Archimedes’ Eureka Moment
Archimedes was challenged by the King to help discover a possible theft. The King had previously commissioned a goldsmith (jeweler), the create a beautiful crown of emeralds, rubies, and gold.
Soon after, the goldsmith presented his beautiful crown to the king. The king became suspicious of the goldsmith. He thought “What if the goldsmith made a crown of pewter and plated the cheap metal with gold keeping all the remaining gold for himself?”
The problem was, how could the King test the crown without cutting it open? The process of verifying the gold content would destroy the crown itself. So, the King asked Archimedes, one of the most brilliant minds of his day for help.
Archimedes lamented over how to test the crown without destroying it forever. He looked everywhere and asked every scientist he could find. He read all the texts, and thought about it day and night.
One day he decided to take a break and a hot bath. He got the water piping hot and filled his tub to the very top. As he stepped into the water, he noticed the water was slowly pouring over the top of the tub onto the floor.
He realized the more he put his leg into the water, the more the water spilled over. This led him to realize the volume of water spilling over was exactly the same as the volume of his leg. The volume in equaled the volume out.
He further thought if he were to lower some scrap gold into a vessel filled to the top with water, he could measure the volume and weight of the water that spilled over. This would lead him to a ratio between the weight and volume of the water. He could do the same for other non-precious metals such as pewter.
He deducted after lowering the crown into a vessel of water, the water the crown displaced should have the same ratio as the scrap gold. If the weight to volume ratio was not exactly that of the pure gold, then the crown could not have been made of gold.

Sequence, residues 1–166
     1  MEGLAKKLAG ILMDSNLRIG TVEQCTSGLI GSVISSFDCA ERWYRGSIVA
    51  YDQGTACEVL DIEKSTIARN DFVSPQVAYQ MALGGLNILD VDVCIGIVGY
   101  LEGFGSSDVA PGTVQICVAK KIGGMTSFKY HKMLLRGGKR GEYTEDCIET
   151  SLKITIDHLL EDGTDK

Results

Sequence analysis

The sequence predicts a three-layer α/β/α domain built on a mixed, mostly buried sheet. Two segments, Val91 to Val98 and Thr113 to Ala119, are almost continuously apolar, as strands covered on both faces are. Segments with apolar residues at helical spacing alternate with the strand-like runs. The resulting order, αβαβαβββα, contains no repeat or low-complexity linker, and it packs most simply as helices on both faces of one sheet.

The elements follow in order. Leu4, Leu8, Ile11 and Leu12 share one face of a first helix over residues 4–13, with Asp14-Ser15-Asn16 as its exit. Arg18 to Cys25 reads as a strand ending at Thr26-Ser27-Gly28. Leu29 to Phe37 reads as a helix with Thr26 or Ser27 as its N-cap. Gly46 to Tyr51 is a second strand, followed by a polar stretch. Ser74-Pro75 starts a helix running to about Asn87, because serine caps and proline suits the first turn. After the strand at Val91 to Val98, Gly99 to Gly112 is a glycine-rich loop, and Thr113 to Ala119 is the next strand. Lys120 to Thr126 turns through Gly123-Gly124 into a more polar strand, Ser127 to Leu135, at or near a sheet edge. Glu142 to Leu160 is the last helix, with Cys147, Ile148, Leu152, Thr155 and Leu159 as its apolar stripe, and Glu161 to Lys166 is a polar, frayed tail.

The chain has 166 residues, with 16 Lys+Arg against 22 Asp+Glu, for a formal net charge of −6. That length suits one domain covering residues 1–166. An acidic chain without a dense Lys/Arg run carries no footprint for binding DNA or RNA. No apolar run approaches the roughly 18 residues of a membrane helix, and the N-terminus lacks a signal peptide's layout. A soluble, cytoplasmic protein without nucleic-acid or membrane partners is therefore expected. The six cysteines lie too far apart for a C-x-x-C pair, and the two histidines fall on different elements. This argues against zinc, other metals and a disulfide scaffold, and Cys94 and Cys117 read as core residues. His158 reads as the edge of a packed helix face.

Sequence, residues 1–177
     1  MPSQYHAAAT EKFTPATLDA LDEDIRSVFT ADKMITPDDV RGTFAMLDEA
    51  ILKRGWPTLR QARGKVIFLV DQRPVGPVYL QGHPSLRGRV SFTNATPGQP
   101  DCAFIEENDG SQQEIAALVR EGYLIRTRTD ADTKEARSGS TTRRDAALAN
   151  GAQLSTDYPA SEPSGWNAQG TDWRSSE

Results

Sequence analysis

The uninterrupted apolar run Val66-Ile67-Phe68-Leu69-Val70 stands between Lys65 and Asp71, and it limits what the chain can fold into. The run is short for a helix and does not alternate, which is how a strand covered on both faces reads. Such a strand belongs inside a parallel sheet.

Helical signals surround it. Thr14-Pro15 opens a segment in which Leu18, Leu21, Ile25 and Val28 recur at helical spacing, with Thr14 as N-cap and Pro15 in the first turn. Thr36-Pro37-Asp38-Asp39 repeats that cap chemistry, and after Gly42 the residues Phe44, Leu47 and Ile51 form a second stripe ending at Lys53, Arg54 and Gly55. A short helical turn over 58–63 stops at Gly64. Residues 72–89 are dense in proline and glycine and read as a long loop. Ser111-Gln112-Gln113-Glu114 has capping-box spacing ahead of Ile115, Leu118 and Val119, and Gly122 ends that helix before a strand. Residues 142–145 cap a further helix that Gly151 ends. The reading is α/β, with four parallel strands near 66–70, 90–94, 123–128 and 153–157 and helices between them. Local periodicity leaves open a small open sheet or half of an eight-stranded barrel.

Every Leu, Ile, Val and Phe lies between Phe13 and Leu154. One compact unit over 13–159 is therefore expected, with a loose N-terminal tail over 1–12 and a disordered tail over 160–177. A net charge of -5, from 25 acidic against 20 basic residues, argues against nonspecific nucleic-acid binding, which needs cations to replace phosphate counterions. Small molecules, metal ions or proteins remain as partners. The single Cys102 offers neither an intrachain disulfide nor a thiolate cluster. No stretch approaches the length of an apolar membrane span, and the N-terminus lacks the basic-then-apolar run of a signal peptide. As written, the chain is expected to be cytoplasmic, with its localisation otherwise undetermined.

At that moment, as the story goes, Archimedes yelled “Eureka”, jumped from the tub and ran naked through the streets of Greece. At that very moment, Archimedes had discovered Specific Gravity.
He ran to tell the King (I think a friend must have to him to at least put on some pants). After explaining what he had discovered, the King ordered the crown and the goldsmith to be brought before him. When they both arrived, the King ordered to have the crown cut in half.
When the King was presented with both halves of the gold crown, it was evident that the crown was made of pewter and only plated with the gold. The goldsmith had stolen the King’s gold.
That moment was one of Archimedes greatest triumphs, a great day for science greatest discoveries, but not so much for the goldsmith. His head was cut off.
Where Do You Get Your Eureka Moments? In the hot tub or shower, the car, while exercising, walking, or listening to music. Give this some thought. Close your eyes right now and think about it.
Serial Innovator, Keynote Speaker, Trainer, Innovative Thinking
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